Although, as the extract above suggests the debt could have been far worse if the Cold War had continued, as was the case for the Soviets, their debt and financial was the reason for their downfall. No doubt the American’s would have faced a similar outcome if the Soviets persisted in the Cold War and incurring large budget surplus by overspending in defence. However, the American politicians and the military industrial complex had millions if not billions invested in the Cold War and profiting from it. After the end of the Cold War America was in search for a new adversary to continue its military-industrial complex. The war with Saddam was an attempt, then the 2001 downing of the World Trade Centre found a new adversary for the defence the Neo-Wahhabi/Salafist insurgents in faraway lands.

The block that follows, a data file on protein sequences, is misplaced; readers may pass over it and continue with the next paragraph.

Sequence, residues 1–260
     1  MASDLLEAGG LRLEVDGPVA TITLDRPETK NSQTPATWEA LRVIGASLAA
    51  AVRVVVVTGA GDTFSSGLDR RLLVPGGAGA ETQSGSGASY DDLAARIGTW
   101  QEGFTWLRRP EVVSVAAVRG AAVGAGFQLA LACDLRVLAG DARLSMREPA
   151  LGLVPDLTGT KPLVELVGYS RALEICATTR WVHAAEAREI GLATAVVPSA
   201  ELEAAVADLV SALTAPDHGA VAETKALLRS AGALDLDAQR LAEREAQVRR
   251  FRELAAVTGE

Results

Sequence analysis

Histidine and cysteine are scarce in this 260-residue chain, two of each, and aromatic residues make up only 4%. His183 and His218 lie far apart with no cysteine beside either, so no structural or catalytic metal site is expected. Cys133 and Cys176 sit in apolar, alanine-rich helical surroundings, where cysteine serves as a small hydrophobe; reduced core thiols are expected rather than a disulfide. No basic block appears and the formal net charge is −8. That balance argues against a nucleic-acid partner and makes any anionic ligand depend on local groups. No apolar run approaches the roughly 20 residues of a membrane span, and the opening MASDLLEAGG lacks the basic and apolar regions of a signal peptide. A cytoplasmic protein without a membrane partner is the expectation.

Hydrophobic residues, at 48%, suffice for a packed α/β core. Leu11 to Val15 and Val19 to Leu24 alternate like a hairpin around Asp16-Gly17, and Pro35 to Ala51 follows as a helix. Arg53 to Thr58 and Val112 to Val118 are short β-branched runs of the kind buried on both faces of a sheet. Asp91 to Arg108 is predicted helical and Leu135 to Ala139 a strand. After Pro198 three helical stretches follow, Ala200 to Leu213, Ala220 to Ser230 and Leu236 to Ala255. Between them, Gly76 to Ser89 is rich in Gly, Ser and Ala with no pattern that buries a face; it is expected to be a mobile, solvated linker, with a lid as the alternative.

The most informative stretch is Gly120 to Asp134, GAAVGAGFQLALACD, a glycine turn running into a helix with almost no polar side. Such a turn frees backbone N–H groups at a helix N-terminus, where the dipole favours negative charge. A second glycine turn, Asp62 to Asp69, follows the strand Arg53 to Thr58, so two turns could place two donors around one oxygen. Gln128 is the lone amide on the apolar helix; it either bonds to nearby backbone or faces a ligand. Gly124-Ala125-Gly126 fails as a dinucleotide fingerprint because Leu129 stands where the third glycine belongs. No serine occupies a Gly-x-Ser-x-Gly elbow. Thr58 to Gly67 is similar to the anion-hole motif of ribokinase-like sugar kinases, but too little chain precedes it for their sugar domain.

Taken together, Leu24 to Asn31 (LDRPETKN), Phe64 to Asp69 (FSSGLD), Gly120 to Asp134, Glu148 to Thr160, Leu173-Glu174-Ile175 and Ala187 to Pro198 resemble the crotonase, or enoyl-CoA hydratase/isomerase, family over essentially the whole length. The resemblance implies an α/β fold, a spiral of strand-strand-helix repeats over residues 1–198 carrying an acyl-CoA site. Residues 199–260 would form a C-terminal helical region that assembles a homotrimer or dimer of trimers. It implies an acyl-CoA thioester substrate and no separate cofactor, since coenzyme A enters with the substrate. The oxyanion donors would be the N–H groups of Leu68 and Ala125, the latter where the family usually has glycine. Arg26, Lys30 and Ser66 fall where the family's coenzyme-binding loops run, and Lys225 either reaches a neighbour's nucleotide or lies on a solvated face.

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The Soviet was a far greater threat than these so-called Islamic Terrorist organisations. Yet, the Americans spend far more than they did during the Cold War. Practically until 2011, Russia posed no threat whatsoever to America, yet the spending of US military outdid itself from the Cold War era. After the American and EU sponsored coup in Ukraine brought about a vehement anti-Russian oligarchy in Kiev, Russia has started to challenge American hegemony once again in the Middle East as it can be seen in Syria and more recently Libya.